Tuesday, June 19, 2018

Top Down Webs
By: Treacy Janis
FW, grade 4

Students read the core book “The One and Only Ivan.”  Students shared character traits of each main character in the story and evidence to support the trait.  Students shared their traits and evidence and posted it under the correct character throughout the novel.  At the end of the novel, students selected 1 character and wrote about the character’s trait using the evidence in their writing.

Main Idea Activity

Students were given a photo copied National Geographic article about pollinators.  The headings of each section were cut off and the article was cut up too; even the pictures.  The students worked in small groups reading each section, They had to decide which of the cut up headings matched each section.  Once they did that, students had to recreate the article from beginning, middle and end and glue them on construction paper with the pictures that matched each section.

After the “Pollinator Parade,”  Students sorted notecards to create the Top Down Topic Web.  This can be used as an assessment. Facts about pollinators were written on notecards,  Students worked in groups to create the TDTW.
Students used an ice cream parlor menu to create Bloom’s Taxonomy questions about the menu.  They used a “Cheat sheet” to help familiarize them with the correct vocabulary for each question.  Once each group wrote a question for each level, they were dispersed among the groups so each group had 6 new questions.  Once everyone is done, the group would read aloud their question and share what level the question is and the vocabulary they used to make them decide what level Blooms the question is.  I shared the Bloom’s questions with another teacher to introduce Bloom’s to her class.


Students read an article in National Geographic about different kinds of giraffes.  We did this activity as a whole group. We discussed how we could organize the information and facts we read in a TDTW.  The class decided the heading is giraffes because that’s what the article is about. Then they discussed what the next level should be and they decided the types of giraffes.  Then students worked in small groups to find details about each type of giraffe and they shared the details on the rug and I wrote the details down. We also discussed the different shapes and colors to use in the TDTW.
Sentence Sort

Each student wrote 4 sentences (one of each kind of sentences) without an end mark.  The sentences were then put into a pile. Each student got 4 new sentences. They had to read each of their sentences aloud and then they had to add the correct punctuation and place it under the correct heading, either exclamatory, declarative, interrogative or imperative.

Monday, June 11, 2018



Categorizing
Nicole Mondello


Memorial, Grade 2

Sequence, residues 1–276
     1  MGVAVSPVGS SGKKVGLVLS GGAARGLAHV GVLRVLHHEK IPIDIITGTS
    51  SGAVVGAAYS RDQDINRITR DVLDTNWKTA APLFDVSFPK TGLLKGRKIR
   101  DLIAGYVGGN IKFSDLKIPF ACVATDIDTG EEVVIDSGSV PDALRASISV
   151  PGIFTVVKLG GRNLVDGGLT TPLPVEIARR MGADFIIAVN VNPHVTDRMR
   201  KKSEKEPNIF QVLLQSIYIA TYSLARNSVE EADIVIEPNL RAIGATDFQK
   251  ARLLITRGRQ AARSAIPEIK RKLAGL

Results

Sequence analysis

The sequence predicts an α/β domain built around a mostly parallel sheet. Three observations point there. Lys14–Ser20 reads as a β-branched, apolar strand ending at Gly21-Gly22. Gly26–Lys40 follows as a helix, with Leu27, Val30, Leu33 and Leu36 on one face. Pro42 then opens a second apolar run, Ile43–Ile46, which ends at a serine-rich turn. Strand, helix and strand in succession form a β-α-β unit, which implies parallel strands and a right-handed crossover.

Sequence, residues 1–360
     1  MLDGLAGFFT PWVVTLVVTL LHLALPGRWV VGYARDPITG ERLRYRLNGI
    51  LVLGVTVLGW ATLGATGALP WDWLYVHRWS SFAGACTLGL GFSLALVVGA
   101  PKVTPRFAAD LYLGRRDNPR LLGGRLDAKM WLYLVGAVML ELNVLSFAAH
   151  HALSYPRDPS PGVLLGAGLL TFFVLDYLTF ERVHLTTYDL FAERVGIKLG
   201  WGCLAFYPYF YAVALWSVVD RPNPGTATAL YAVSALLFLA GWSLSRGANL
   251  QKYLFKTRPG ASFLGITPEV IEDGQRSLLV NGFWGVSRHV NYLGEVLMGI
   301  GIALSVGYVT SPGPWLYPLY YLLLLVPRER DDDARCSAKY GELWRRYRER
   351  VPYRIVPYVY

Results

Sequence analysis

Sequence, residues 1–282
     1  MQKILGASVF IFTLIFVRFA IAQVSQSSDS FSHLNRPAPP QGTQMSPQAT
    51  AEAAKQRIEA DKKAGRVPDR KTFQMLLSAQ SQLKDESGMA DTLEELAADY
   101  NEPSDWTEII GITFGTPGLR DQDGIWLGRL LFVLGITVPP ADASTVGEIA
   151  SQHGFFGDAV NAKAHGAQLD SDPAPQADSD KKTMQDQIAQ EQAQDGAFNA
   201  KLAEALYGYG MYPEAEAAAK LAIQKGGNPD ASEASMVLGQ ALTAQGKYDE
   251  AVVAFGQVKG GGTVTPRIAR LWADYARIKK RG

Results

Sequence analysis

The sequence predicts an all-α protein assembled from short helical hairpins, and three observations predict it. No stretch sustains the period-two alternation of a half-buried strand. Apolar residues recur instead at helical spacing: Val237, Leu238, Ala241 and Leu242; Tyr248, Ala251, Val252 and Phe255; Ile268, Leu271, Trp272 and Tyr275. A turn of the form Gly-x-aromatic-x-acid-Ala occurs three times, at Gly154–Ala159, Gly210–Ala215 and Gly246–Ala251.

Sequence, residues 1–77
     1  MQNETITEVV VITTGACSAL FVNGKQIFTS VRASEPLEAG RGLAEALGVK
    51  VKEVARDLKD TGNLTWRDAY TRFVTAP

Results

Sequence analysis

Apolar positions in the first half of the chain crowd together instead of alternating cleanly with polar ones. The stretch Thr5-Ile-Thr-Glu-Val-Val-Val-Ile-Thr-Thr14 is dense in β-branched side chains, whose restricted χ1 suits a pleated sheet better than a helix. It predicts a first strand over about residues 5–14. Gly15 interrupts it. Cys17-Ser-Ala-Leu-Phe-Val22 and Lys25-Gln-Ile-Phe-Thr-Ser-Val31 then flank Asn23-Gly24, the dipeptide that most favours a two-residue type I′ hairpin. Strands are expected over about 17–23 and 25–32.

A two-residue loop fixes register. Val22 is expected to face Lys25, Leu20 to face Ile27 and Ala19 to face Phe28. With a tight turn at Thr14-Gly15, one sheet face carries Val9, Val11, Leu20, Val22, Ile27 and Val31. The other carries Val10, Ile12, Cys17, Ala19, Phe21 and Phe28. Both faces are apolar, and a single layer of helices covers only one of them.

Students sort and categorize pictures words and objects across the curriculum and from the very start of Kindergarten. This year’s KTL training gave me a deeper understanding of how learning to organizing words and discussing the connections between and among a group of words is the beginning of implied main idea. When a child can articulate the connection within a group of details they begin the process of finding a main idea.

In this activity, we asked a second grade group of students with experience in categorizing words into previously labeled buckets, (labels) to sort then identify the labels for the buckets. The discussion groups got right to work sorting and determining how to organize the words. At first glance kids impulsively sorted into two clear categories, winter and summer then hit a roadblock with nouns that were places, like TD Garden and Fenway Park.

Eventually paired groups brought their category labels to the rug where our larger debate happened. The final two labels given were Bruins hockey essentials and Red Sox Baseball essentials. This was engaging and only took about 15 minutes.

           





Friday, June 8, 2018



KTL and Literature Circles
Nicole Mondello, Mary Kathryn Conceison

Memorial
Grade 5 ELA

Main idea, categorizing, top down topic webs, summarizing and more, what a year of trying to use KTL strategies to build comprehension for our fourth and fifth graders! As the eleventh hour of June rolls around ELA teacher, Mary Kathryn Conceison, and I planned a final exercise for students. We decided that Literature Circles seemed like an exciting and interactive way to maintain engagement, release responsibility to students as they become independent middle school students. What we weren’t expecting- how easily KTL strategies fit into almost every literature circle role.





You get the idea…

Word Wizard, uses two column notes for recording and defining new vocabulary.
Bloom’s Question Generator, generates a question from each level of Bloom’s Taxonomy at the end
of specific chapters.
Note Taker, keeps track of the plot of the story using Two column notes.
Summarizer, “Goldilocks” the main idea of a section of reading.
Connector Leader, keeps track of the accountable talk.

The point, KTL fits into what we already do. Here is a link to the packet.Literature Circles


Categorizing
Margie Johnson

Memorial
Grade 3

I have been working with third grade students on KTL strategies for a few months now. They have had numerous opportunities to categorize, starting with everyday, familiar vocabulary such as sorting appropriate vs. inappropriate behaviors in reading class which we used as a review of the class behaviors they had generated, as well as types of food, basic vocabulary to review nouns, verbs and adjectives, and so on.

Students have also had experience using top-down webs to organize their ideas for writing a paragraph, and have also been guided through generating details for scaffolded 2-column notes on short stories and Newsela articles.

One of the core books for third graders is Helen Keller. This book is a challenge for this group of students, so using KTL strategies was certainly helpful. First, we did an adjectives word sort to describe Annie Sullivan and Helen Keller. We read the the words to them and discussed their meaning. Then, students worked with a partner to sort the words. The discussions that evolved around this word sort led to a much deeper understanding of the characters particularly since several words could have applied to each of the characters for different reasons. Students were able to support their reasons with examples from the test.







After reading a chapter, students worked with a partner to sort sentences from two paragraphs which told about two different events in the text then wrote the main idea of each paragraph.



Most students were able to write what the paragraphs were about but some needed more discussion...a work in progress.

Thursday, June 7, 2018



Question Generation
By: Tom Regan